Much like their fellow NASCAR drivers who are deservedly spending the season's final off-week relaxing on a beach or jet-setting to some exotic location, Landon Cassill and Josh Wise are using the rare downtime to travel and enjoy the scenic Austrian Alps. The difference, however, is that these two Sprint Cup drivers won't be sightseeing or taking leisurely day hikes. They will be experiencing one of the world's most beautiful regions while competing in the elite Ironman 70.3 World Championships at Zell am See-Kaprun outside Salzburg, Austria on Sunday. Their breathtaking views will be just that as they swim 1.2-miles in Lake Zell, bike 56 miles through the glacier-tipped Alps and then finish with a 13.1-mile run along the lakeshore and through the area's small villages in one of the world's most grueling and prestigious physical competitions. "When we looked at the schedule both of us had aspirations to qualify for the 70.3 or Kona (Ironman 140.6 in Hawaii)," explained Wise. "The Worlds happened to fall on our last off weekend and there was a qualifier on the next to last off weekend. "It looked like this is a once in a lifetime chance. It's a bucket list goal just to qualify, but to have opportunity to do Austria was super special and it just felt like it was meant to be." But not without a lot of work. Anyone who still dismisses the athletic ability of NASCAR drivers would have a losing argument when it comes to the training regimen of Cassill, 26, and Wise, 32, who have taken their dedication to fitness and competition to a new level. RELATED: Johnson: 'If you want to be fast, you've got to suffer' More often than not, these two drivers show up at the race track having already swam, biked or run for miles and hours before some of their competitors have even rolled out of bed. Their dedication and commitment means a 5 a.m. wake-up call even on race weekends and using a special "Swim Radar" app to find a public pool near the race track that's open early enough and will allow them to swim. They've done their laps everywhere from the small town YMCA to the pool at Ohio State University. They strategically place their long bike rides as well and that can be tricky -- both finding a safe route close to the track and "not getting lost," Wise joked. They did a 60-mile bike ride after qualifying at Indianapolis this summer and squeezed in a 20-miler between practices at Pocono. Last week at Bristol, the two swam a mile and a half and ran five miles before the night race. Cassill did his World Cup qualifier in Muncie, Ind. during NASCAR's Kentucky Speedway race weekend, flying to Muncie after the Friday night XFINITY race, competing in the 70.3-mile triathalon Saturday morning then returning to Kentucky Speedway for the Cup race that night. "That was a little test of endurance," Cassill said. "Saturday morning I got my qualifying slot and flew back and raced Saturday night (at Bristol). I felt pretty good." Both Cassill and Wise say that competitive spirit lift is an important motivation for both. Driving for small, lower-funded Sprint Cup Series teams, they are admittedly not contending for wins every week. Success in the triathalons not only is a huge fitness benefit to them both, but gives them a sense of accomplishment and success. "I think a big part of the inspiration to do this has to do with obviously with the benefit of what it does for us in the car, but for us, we drive for small teams and we don't have a chance to win every race in a car and when you're doing that for 38 weeks in a row, it can get taxing," said Cassill, the 2008 XFINITY Series Rookie of the Year who now drives the No. 40 Hillman-Smith Chevrolet in the Cup Series and the No. 01 JD Motorsports Chevy in the XFINITY Series. "This is something for us, we can control and it really just helps that confidence in the garage just to know what we're capable of with our bodies and pushing ourselves to the limit. To me, it's a confidence builder." Wise, who scored a career-best 10th at Talladega in May driving the No. 98 Ford, agreed. "It's an amazing competitive outlet," he said. "There's not a lot of things that you can do that you have so much control over. It goes back to the alarm clock. Are you going to get up and get the swim in and the running before you go to work? It's your choice. With the sport we're in, people don't realize all the external factors there are that you can't control." "When our cars aren't driving right or we're communicating with our crew in the midst of battling with someone, I feel the mental gain from the type of work we do off the track even beyond the physical. "I'm far beyond physically where I need to be, but mentally I can still continue to push myself, my body and my brain to dig deeper. When you can overcome every cell in your body shutting you down and you have to mentally force your legs to pick up and move in a run, there is a mental strength that comes from that. "I feel there's a real specificity to what we do that applies to our type of racing." The benefits go beyond just them personally. "My team has so much confidence in me that although they may not see me during the week, they don't have a doubt in their mind that I'm still working; that I’m trying to make myself the fittest race car driver, the best race car driver I can be, focused and prepared," Cassill said. "It's important because when teams are fighting for sponsorship, tough finishes the wheels can come off and you want to instill in your team that you're doing everything you can." Their pursuit is not only recognized by their team members but in the garage and bigger NASCAR community as well. While these two drivers don’t typically generate the same racing headlines as their good friend and frequent training partner, six-time Cup champion Jimmie Johnson , they do have his great respect -- especially with this weekend's Ironman in Austria. "My hat is off to Josh and Landon," Johnson said. "They've put in the hard work. I've watched them get very serious about it. They are both faster than me (smiling) and I'm so proud of them." All three drivers are confident that this kind of extreme cross training will be more prevalent on the starting grid in coming years. It's a visibly growing group of cyclists that join Johnson, Wise and Cassill on the bike rides during race weekend downtime or meet up at a nearby public pool for some laps. " Jimmie Johnson , in my opinion, sparked that fire by winning six championships and being the fittest driver the sport has ever seen," Cassill said. "We are in some ways just copycatting what he did. Eventually, a lot of the drivers that have the skill -- and have had the success in the past -- but aren't consistently getting the success now are going to start getting pressure from their owners and sponsors that will say they're sick of getting of their butts kicked from these fit drivers, you need to do something. "I think in the next five to 10 years you're going to see a lot more of our drivers getting fitter and fitter," Cassill continued. "I think our sport is going to go through similar transition that golf saw and I compare our sport to golf because it's a skill sport. It takes a certain skill and technique to swing a golf club and it takes a certain skill and technique to drive a race car. It doesn't necessarily take athleticism to drive a race car or hit a golf ball, but athleticism enhances that skill." This weekend Cassill and Wise will be representing their sport on a world platform and just qualifying for the world championship in the midst of a busy and demanding NASCAR season is already a huge accomplishment. "There are a lot of cyclists in the garage and people that know what's going on. I had a lot of people asking me about this weekend at the Bristol race and crew members wishing me good luck," Cassill said. "Obviously a lot of text messages from my team wishing me good luck." "I'd love to set a new PR (personal record), I feel like I try to do that at every race. But just another finish would be a win. This is a very challenging event and this is a world championship event so the competition is a lot tougher than I've competed against."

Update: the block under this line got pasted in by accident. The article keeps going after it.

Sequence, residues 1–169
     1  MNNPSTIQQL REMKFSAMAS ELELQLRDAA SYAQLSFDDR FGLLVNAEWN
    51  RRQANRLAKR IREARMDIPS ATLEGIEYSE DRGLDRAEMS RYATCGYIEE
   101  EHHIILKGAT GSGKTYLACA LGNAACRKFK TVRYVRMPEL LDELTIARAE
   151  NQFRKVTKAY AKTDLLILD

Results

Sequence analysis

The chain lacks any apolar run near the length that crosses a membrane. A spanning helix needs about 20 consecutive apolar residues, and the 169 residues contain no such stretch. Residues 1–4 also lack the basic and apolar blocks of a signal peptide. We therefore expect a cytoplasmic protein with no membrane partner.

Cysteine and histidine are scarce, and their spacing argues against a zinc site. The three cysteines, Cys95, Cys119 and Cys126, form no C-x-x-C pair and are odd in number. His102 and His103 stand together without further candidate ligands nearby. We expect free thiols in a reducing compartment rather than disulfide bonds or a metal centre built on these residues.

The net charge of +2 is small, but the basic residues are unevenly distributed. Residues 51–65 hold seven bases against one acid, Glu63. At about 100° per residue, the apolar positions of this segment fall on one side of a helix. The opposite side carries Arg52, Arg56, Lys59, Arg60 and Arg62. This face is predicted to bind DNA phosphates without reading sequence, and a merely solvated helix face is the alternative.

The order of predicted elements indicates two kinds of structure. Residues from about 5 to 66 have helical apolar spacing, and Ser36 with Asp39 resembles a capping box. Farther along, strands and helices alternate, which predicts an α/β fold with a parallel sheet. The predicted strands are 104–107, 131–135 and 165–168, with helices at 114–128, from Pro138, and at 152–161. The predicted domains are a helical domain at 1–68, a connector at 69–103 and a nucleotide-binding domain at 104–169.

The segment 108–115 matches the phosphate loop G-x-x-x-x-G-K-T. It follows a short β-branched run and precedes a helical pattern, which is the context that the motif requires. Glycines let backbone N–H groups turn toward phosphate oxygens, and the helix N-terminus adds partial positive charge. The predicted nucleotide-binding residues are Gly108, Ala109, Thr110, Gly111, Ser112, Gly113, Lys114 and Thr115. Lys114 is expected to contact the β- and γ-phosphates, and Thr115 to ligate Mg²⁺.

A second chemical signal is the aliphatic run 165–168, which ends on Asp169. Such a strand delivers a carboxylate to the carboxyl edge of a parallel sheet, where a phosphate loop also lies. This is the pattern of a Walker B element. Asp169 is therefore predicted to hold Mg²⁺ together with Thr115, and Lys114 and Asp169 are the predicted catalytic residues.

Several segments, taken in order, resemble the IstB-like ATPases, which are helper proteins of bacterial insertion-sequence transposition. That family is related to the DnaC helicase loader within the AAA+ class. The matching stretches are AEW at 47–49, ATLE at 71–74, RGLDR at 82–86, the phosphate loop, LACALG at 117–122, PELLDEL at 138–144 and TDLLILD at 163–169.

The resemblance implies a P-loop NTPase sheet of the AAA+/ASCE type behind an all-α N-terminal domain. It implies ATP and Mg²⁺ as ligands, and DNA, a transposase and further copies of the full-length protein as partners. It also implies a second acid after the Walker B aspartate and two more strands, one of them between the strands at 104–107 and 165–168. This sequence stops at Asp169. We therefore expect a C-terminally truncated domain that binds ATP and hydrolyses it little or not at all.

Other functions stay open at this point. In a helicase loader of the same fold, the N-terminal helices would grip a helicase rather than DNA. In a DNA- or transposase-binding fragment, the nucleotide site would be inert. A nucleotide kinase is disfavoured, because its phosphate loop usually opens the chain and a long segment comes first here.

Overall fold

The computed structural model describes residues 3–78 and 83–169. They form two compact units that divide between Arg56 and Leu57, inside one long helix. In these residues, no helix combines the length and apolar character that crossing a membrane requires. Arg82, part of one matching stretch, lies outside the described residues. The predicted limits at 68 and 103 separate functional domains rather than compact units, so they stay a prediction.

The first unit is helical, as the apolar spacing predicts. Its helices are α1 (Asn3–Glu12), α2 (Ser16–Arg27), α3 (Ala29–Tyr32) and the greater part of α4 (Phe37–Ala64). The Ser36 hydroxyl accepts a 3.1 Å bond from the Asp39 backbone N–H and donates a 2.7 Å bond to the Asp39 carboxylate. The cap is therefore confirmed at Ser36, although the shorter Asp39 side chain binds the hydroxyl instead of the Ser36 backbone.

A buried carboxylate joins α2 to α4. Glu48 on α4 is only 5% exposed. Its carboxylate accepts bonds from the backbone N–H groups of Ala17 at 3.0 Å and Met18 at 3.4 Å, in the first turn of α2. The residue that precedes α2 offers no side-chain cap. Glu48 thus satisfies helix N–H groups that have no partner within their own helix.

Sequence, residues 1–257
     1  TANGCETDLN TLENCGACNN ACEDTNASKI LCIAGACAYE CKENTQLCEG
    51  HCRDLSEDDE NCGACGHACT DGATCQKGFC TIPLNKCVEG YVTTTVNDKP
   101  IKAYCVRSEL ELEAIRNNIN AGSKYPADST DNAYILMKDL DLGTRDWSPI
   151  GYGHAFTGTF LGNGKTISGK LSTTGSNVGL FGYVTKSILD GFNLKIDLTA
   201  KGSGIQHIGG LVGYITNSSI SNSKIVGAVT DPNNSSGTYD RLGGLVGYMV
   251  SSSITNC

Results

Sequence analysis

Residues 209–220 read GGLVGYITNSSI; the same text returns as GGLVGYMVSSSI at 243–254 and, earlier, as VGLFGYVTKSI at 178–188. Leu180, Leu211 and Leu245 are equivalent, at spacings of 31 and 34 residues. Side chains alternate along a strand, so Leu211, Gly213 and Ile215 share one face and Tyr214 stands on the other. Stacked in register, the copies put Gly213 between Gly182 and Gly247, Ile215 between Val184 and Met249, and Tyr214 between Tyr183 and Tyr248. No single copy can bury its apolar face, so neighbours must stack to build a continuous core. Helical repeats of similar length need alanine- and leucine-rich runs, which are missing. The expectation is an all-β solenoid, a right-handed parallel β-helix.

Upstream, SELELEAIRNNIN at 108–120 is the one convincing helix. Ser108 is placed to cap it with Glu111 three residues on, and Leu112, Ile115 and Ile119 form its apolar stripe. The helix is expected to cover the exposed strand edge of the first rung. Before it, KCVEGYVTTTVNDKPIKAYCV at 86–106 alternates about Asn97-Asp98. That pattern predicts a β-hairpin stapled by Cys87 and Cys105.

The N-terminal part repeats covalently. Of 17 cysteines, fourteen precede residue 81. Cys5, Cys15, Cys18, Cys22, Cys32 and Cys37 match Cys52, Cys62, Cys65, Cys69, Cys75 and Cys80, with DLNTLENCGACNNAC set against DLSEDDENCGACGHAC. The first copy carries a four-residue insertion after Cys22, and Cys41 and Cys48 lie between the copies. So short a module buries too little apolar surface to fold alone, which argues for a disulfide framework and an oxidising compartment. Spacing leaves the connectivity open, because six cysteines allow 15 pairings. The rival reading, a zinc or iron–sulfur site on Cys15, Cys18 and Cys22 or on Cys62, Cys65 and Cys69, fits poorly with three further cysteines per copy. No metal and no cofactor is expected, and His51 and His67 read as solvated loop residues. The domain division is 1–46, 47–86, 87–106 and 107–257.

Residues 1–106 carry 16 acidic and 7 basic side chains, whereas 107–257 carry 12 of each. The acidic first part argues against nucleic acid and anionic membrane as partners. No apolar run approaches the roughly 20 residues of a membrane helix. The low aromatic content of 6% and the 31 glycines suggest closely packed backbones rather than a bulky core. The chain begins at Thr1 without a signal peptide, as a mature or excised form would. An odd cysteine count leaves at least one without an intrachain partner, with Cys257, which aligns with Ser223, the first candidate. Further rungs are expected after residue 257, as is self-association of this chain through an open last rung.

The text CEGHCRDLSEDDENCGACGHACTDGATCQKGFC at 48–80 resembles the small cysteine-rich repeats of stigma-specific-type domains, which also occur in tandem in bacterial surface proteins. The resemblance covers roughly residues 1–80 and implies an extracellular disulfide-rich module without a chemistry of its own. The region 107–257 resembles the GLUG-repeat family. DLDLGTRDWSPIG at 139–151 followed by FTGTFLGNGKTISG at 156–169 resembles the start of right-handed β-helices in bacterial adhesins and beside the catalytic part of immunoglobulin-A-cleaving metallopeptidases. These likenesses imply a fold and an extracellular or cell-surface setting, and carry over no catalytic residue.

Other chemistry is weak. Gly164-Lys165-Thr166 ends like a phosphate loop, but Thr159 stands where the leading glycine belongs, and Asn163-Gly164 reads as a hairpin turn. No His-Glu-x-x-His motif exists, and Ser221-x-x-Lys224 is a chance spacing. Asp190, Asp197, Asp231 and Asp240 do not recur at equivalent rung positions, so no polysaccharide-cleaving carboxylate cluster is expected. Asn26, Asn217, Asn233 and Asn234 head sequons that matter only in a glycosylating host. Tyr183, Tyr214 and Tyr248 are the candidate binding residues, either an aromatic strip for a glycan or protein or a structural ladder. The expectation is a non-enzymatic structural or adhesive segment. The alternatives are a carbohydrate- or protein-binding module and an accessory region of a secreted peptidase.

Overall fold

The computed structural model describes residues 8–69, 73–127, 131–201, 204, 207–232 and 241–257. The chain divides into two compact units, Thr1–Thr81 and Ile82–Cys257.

Joey Logano, Kyle Busch and Greg Biffle each talk about the success of the changes in the aero package at Kentucky Speedway and the continued tweaks toward better racing.